|Friday, February 1
Updated: February 2, 11:17 AM ET
Indiana making progress in sports
By Rex W. Huppke
INDIANAPOLIS -- In the early 1960s, baseball great Jackie Robinson was turned away from an Indianapolis hotel because he was black. Around the same time, Boston Celtics star Bill Russell was barred from an Indiana restaurant because he was black.
But now, with the Indianapolis Colts' hiring of Tony Dungy, Indiana has more black head coaches in high-profile jobs than any other state in the country.
"I think this is going to be a lightning bolt for other sports organizations in other parts of the country," said Richard Lapchick, director of the sports business management program at the University of Central Florida and author of the annual Racial and Gender Report Card. "In these cases, it's an example of organizations that did not set out to hire an African-American coach, but set out to hire the best available coach."
It all began with Isiah Thomas, hired to coach the Indiana Pacers in 2000. Last year, Mike Davis officially became the successor to Bob Knight as Indiana University's basketball coach.
Earlier this month, Tyrone Willingham became Notre Dame's football coach, putting a black man at the head of one of college football's most storied programs. And now Dungy, fired by Tampa Bay a week earlier, is replacing Jim Mora with the Colts.
Four head coaches, all black, and all in Indiana.
"I think it's just four organizations that made four different decisions that these were the best people for them," Dungy said, succinctly.
Thomas, who played for the Hoosiers' 1981 national championship team, said the situation marks progress, both for the state itself and for the state of the sporting industry.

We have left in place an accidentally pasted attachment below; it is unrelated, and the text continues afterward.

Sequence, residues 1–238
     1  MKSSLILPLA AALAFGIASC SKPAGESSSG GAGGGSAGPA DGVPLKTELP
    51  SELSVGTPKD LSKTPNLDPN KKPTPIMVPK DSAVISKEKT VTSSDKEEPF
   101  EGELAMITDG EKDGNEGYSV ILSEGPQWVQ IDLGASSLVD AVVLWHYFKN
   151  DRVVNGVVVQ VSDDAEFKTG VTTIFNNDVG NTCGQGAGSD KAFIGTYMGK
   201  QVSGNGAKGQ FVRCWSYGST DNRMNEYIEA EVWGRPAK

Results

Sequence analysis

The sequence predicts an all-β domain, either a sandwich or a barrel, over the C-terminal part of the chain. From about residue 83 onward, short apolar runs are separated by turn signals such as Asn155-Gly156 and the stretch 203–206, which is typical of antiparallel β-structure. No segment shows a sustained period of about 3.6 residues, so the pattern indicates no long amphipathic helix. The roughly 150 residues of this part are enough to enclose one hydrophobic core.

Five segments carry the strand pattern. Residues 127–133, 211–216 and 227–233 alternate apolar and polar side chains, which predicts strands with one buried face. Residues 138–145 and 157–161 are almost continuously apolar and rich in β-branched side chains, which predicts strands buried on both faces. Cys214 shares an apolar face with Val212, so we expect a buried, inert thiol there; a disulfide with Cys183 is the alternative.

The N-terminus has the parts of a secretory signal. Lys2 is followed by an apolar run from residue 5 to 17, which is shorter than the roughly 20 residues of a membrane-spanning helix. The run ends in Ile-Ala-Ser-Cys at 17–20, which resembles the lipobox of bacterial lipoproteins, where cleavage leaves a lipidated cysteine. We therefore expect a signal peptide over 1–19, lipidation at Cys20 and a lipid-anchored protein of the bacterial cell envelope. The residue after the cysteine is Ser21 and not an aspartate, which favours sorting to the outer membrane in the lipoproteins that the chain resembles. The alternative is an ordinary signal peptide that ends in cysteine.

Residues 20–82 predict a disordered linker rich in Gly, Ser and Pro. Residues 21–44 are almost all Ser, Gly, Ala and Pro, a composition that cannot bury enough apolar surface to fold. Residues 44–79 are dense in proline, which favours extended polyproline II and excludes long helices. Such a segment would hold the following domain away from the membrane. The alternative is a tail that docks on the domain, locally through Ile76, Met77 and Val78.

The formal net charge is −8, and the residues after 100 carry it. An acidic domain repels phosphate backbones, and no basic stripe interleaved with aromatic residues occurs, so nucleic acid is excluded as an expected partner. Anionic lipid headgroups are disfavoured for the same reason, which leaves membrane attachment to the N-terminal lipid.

"Obviously, we've come a long way, but we still haven't come far enough for the simple fact that the question needs to be asked," he said. "We're one state out of 50."
Lapchick believes the Indiana hirings will make those involved in the world of sports more introspective.
"Some organizations have realized that unless we put away the typical patterns that we've used in the past, we're going to limit the possibilities of the future," he said.
James Madison, an Indiana University history professor and author of a book on a 1930 lynching in the city of Marion in northern Indiana, said the story of these four coaches also might help change perceptions of Indiana and the Midwest.
"I think there are Hoosiers and Hoosier leaders who have been, in their quiet and modest ways, pushing these things forward," Madison said. "Here we see the physical, the flashy consequence of a lot of good things done by a lot of good people over a long period of time, outweighing the bad things done by bad people."
Willingham, who hopes to revive the Fighting Irish, said the situation in Indiana could start a trend.
"I think all would agree that we hope it allows for a greater probability that those who have the skills, not just black, whether it be Hispanic or any other race, would be given a chance," he said. "I would hope that anything that can enhance our lives hopefully can have a positive ripple effect in all areas."
Rep. Charlie Brown, one of Indiana's handful of black lawmakers, said the significance of these four coaches will be magnified by the fact that they're in a state with a conservative reputation.
"Hopefully there will be a landslide of this where people are chosen because of their qualifications instead of overlooked because of the color of their skin," Brown said.
Dungy said he was not surprised to find himself in Indiana. Before he was hired by Tampa Bay, he never imagined his first shot in the NFL would come in the South.
"It just shows you that you can't prejudge anything," he said. "Just like you can't prejudge anyone."